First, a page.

As Claremont officials are busy working through details of the potential water acquisition—due before the council in closed session Tuesday, October 23—some residents are finding themselves equally occupied attempting to decode the terminology in their water bills.
“We get an email at least once a week with questions on water bills,” said Hal Hargrave of the grassroots organization Claremonters Against Outrageous Water Rates. He noted that questions range from inquiries about acronyms to why billing periods change.
“It’s all very confusing and it’s hard to interpret,” Mr. Hargrave said.
With the details in Claremont’s water bills as varied and numerous as the questions running through residents’ heads, Golden State officials sat down with the COURIER to answer questions surrounding the average water bill. Foothill District Manager Ben Lewis, Community Education Manager John Dewey and Julia Rivas, customer service representative for the city of Claremont, participated in the discussion.
Recognizing the confusion surrounding the topic of water, officials say your water bill’s latest format—now 4 pages long and updated with more detail—is based on the rationale that “more is better.”
“The whole idea is to give the customer a lot of information right away...their history of usage and their current usage,” Mr. Lewis said.
The first page is a summary of the monthly statement. The second page gives information about the California Public Utilities Commission and an explanation of some of the basic terms like CCF, the standard measurement of water. The third page breaks down the charges in greater detail, and the last page explains the reasons behind these charges.
Switching up rate schedules
A bill may be broken up into 2 different rate schedules if something occurred during the pay period to change the price of the CCF. This was the case during the August 15 to September 18 billing period, when an August 27 decision by the CPUC reduced the rates by less than one percent. Consequently, the water bill for that pay period was broken into 2 parts in order for GSW to begin charging customers at the modified rate, according to Ms. Rivas.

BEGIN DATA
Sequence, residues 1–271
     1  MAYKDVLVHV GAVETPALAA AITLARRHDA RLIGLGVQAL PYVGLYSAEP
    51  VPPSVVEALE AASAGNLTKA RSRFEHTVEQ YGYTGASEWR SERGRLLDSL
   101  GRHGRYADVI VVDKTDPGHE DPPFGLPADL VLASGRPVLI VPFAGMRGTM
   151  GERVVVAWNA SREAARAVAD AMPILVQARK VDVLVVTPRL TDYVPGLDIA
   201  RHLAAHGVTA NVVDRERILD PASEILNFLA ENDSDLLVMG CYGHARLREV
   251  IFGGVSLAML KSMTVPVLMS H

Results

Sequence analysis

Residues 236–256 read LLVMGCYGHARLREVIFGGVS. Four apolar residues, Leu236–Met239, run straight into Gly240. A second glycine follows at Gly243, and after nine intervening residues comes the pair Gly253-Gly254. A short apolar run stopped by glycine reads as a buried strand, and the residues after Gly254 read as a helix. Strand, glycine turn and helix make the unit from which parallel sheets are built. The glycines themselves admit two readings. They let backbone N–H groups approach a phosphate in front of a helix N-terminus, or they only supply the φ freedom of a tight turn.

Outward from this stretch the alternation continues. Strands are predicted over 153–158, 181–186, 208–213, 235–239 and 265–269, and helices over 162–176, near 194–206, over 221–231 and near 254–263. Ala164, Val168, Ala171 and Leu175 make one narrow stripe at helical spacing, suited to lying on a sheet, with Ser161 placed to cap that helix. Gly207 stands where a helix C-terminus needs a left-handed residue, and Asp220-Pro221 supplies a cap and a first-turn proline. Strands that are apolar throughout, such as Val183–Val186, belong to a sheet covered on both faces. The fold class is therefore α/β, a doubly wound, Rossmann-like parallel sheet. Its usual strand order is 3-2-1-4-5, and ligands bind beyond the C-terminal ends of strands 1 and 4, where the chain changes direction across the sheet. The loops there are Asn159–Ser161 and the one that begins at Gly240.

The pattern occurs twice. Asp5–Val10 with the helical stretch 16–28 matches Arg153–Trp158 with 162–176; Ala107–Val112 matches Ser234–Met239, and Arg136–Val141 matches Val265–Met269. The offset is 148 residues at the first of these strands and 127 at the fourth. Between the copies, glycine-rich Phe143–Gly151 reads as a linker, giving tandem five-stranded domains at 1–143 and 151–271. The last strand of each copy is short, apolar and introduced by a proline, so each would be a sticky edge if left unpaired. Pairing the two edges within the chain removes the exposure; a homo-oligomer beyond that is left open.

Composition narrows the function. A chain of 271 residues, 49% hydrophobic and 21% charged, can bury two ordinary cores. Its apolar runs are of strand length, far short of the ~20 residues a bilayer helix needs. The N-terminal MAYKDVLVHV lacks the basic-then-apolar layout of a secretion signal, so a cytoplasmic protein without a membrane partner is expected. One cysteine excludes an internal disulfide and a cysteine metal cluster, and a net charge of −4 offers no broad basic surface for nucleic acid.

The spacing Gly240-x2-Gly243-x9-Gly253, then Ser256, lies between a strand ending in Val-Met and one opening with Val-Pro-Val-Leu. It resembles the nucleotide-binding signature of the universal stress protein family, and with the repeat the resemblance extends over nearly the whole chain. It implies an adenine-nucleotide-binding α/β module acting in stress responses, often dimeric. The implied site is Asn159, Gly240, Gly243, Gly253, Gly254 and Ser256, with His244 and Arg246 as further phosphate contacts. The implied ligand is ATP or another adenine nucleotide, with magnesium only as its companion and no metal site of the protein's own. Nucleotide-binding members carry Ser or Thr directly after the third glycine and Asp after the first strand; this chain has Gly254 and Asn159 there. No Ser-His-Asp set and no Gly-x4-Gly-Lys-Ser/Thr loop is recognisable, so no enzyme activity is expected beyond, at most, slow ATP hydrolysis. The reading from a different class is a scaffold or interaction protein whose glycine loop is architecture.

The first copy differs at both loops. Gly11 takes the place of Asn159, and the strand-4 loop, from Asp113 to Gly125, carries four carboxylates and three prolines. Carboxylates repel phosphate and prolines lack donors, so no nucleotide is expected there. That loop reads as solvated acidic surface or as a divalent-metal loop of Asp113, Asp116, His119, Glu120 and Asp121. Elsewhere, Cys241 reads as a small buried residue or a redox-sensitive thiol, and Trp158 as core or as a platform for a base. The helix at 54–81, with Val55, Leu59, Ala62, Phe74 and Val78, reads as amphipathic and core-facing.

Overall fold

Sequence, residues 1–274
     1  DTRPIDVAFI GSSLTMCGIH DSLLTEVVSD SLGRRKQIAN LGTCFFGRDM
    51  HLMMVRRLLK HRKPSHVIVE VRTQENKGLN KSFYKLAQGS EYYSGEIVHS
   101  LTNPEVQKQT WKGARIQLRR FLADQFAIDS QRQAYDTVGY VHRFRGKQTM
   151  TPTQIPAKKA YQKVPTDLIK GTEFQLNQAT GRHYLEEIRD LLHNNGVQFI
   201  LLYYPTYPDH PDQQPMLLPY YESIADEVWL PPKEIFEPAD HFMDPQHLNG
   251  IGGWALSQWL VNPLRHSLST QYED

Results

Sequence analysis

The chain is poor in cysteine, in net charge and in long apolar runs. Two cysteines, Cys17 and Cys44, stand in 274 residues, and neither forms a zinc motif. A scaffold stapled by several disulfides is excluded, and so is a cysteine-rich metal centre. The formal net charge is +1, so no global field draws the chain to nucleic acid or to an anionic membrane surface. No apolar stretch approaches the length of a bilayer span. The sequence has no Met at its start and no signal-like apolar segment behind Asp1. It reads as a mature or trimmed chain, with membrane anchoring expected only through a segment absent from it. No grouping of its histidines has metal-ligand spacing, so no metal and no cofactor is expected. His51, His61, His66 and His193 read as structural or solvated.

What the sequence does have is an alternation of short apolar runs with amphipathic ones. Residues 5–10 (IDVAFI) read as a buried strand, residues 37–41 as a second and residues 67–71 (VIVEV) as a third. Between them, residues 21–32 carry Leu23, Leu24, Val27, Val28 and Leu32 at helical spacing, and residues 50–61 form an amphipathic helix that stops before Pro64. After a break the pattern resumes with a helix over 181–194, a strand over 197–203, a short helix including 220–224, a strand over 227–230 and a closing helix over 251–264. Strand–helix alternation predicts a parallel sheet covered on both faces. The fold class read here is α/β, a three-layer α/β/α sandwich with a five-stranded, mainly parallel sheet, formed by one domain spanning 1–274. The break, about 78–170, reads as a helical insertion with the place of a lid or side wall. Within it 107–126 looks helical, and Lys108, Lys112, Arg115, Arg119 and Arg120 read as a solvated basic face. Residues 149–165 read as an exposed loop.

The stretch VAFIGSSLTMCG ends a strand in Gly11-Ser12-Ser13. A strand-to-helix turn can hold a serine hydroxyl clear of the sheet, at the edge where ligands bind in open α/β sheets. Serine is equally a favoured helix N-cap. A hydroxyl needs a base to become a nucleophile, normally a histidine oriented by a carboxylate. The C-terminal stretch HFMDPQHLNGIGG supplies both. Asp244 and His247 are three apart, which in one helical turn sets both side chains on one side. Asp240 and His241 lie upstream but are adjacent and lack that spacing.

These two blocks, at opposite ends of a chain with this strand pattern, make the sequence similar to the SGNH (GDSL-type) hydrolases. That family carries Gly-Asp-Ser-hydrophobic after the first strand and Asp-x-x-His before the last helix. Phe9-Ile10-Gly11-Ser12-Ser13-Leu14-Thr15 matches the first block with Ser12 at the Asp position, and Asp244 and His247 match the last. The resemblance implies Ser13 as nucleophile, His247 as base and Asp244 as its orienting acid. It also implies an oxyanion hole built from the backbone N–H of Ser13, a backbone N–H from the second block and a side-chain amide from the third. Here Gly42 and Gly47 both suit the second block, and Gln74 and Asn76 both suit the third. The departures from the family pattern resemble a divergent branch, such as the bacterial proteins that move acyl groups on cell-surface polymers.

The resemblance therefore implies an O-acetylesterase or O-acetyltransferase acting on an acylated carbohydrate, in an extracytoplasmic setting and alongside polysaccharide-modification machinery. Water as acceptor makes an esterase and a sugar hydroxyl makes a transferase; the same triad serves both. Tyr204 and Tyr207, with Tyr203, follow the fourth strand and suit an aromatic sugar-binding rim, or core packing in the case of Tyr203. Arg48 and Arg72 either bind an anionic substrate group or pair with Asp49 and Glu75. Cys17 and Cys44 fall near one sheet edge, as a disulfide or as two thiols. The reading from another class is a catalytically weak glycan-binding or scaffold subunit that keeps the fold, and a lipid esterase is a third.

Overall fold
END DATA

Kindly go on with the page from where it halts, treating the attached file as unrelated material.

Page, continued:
“It can happen when there is a change in the rates, or say this customer moved in on September 1... we would break it up for any customer who has had a change in their billing cycle,” she said.
Counting water by the numbers
It all comes down to the CCF, or standard measurement of water. Monthly payments are based on how many CCFs, or cubic feet, of water are used per household. One CCF or one unit is equal to 748 gallons of water.
“When we say a customer used 20 units in a given pay period, we mean they used 20 times 748 gallons, or 1500 gallons of water,” Mr. Lewis explained.
Each customer has a water meter that calculates monthly usage in these units. Each pay period may vary in length—the typical pay period is about a month, but could run as long as 34 days, according to Ms. Rivas. This was the case for the service period August 15 to September 18, which took Labor Day weekend into account.
Each month, a Golden State official reads the meter and subtracts the number of CCFs displayed on the meter from the number of CCFs recorded in the last pay period in order to determine how much was used for the current billing period.
Just as the amount of water used varies from one customer to another, the size of a water meter varies depending on how much water is typically consumed.
“The more the customer uses, the larger the meter,” Ms. Rivas said.